Editor’s note: Marvin Olasky’s cover story in the current issue of WORLD magazine focuses on what the Bible says about the death penalty and what life is like on death row. In a series of 10 columns here on wng.org (posted Oct. 7–18), Marvin addresses public policy issues involving deterrence, discrimination, and arbitrariness in capital punishment.
Several groups in Texas, and more nationwide, campaign against the death penalty. Kristin Houlé, executive director of the Texas Coalition to Abolish the Death Penalty (TCADP), works out of a plain, crowded office next to a United Methodist church in South Austin. She is giving her life to this cause, which gripped her while an undergraduate student at the University of Kentucky and brought her to Texas seven years ago.
Houlé is adept at giving the strongest anti-death-penalty evidence, which details the possibility of wrongful convictions and executions because of mistaken eyewitness identification, misinterpretation of evidence, incompetent legal representation, unreliable expert testimony, false jailhouse testimony from inmates who can reduce their own time by making up stories, and pressure on officials (sometimes self-imposed) to find someone to take the fall.
She notes that over the past four decades 140 persons (including 12 in Texas) have gained release from death rows due to credible evidence of their wrongful conviction. She contends that Texas has executed at least three innocent persons. I’ve read the evidence concerning Cameron Willingham, executed in 2004 for setting a fire that killed his three young daughters in 1991: I’m convinced—and much more important, nine fire experts have determined—that the finding of arson grew out of faulty evidence and flawed science.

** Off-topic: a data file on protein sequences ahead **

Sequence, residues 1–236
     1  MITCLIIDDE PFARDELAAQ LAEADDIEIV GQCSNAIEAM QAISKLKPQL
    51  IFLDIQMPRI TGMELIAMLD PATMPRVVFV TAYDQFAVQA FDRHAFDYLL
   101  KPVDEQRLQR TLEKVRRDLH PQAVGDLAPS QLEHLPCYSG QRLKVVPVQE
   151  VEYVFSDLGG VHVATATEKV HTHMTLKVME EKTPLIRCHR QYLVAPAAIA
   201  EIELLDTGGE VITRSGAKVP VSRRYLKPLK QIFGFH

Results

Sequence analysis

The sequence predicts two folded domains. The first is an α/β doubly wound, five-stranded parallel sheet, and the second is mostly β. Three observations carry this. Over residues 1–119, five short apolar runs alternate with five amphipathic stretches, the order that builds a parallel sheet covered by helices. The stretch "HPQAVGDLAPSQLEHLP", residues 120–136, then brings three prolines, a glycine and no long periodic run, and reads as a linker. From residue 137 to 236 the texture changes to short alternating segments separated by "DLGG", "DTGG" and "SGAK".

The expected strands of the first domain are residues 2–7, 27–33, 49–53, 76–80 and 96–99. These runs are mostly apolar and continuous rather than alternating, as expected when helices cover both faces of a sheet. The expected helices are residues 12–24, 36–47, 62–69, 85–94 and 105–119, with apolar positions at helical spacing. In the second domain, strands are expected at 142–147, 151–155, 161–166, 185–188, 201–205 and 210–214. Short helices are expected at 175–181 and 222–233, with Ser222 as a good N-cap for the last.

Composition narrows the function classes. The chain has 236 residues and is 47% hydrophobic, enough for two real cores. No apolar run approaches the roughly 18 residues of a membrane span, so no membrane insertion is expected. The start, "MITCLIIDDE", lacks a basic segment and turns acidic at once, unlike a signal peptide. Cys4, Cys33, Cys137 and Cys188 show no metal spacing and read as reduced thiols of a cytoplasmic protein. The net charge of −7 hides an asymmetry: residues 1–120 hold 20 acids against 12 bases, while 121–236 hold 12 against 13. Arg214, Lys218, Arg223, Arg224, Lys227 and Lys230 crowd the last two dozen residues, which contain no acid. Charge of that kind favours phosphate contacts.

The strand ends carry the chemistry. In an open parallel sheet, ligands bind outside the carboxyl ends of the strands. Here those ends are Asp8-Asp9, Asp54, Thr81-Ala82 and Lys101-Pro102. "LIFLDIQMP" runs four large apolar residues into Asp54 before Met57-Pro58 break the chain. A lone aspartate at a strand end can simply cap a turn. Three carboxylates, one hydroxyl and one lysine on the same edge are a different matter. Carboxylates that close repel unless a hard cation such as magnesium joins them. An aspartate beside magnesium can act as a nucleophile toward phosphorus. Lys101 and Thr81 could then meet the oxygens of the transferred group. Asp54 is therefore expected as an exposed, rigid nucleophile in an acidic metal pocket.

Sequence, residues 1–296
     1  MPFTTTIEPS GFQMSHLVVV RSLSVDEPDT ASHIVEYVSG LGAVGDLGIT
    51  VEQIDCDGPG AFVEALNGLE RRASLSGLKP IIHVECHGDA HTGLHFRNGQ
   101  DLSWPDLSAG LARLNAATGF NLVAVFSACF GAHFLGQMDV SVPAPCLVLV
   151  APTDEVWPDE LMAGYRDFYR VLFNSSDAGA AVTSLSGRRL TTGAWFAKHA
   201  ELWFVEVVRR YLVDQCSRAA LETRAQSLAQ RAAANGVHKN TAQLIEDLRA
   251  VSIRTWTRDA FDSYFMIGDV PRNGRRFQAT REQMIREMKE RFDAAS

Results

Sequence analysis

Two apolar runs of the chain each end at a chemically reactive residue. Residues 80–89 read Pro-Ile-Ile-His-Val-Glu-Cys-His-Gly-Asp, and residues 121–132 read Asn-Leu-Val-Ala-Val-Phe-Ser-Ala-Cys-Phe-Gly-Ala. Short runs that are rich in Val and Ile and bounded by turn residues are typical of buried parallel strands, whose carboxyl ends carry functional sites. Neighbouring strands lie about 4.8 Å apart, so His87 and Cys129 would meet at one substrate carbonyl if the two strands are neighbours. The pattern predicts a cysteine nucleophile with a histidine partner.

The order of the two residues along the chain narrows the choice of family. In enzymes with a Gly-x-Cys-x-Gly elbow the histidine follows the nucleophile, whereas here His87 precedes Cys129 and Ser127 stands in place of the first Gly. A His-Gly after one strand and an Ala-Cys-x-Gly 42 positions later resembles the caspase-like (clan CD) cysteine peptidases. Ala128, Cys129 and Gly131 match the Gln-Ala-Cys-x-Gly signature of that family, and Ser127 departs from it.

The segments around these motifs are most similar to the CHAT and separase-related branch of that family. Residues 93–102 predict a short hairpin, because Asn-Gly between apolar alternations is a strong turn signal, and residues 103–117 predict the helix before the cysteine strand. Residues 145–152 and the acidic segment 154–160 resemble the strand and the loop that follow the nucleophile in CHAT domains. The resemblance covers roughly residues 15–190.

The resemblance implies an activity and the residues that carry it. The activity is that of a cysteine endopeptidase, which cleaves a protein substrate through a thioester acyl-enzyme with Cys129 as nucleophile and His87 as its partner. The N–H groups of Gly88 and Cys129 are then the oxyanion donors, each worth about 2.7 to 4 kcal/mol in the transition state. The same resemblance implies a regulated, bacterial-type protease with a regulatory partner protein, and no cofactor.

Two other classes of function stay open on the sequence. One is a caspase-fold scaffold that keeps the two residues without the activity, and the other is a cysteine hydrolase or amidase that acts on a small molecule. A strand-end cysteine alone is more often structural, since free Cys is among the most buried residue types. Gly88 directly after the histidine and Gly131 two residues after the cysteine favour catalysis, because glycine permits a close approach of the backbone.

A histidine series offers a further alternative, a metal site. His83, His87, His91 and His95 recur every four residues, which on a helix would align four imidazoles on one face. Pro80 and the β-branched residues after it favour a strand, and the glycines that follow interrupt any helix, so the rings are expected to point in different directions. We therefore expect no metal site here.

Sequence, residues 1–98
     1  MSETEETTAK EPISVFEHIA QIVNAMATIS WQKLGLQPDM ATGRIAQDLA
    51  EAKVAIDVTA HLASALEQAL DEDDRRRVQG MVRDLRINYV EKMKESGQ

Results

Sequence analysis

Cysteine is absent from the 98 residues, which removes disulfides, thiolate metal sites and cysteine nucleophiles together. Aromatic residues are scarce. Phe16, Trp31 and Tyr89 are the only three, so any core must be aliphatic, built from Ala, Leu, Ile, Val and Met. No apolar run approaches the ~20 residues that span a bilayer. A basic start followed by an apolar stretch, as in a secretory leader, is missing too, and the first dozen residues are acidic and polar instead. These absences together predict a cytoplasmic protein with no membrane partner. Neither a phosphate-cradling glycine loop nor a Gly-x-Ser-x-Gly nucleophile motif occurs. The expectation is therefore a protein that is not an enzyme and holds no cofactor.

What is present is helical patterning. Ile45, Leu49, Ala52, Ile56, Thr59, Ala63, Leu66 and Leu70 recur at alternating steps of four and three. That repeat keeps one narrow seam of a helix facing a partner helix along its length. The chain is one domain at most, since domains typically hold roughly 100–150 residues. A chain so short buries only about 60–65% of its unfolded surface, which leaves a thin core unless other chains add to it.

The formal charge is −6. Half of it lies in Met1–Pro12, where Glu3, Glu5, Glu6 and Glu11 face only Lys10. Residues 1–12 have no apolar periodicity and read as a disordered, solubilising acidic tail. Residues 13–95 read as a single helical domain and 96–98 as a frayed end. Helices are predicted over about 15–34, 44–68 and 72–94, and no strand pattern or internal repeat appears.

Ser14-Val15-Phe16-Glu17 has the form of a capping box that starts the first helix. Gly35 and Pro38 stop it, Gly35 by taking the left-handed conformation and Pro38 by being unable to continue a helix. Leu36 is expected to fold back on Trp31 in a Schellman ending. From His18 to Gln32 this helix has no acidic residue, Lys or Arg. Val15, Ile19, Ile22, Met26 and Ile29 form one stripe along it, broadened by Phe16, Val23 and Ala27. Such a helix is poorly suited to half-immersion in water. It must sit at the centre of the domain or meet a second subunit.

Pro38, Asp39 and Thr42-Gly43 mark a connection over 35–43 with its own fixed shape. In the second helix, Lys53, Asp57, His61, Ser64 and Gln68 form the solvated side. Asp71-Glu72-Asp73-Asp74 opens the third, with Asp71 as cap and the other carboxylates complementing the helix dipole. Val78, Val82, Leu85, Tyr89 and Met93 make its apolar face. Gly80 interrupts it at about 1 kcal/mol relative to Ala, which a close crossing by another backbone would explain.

But Houlé has also learned to bleed red in a red state, which means making arguments that exhibit less sympathy for those viewed as devils, and more emphasis on dollars and cents. She cites a Dallas Morning News study that showed the costs of executing a person, due to the longer trial needed plus the appeals process, to be three times higher than the cost of life imprisonment in a maximum-security unit. She likes the example of a sparsely populated West Texas county that spent $1 million in 2009 on one death penalty trial, with costs incurred becoming “a contributing factor in the county commission’s decision to withhold employee raises and increase tax rates.”
Listen to Marvin Olasky discuss his cover story on the death penalty on The World and Everything in It: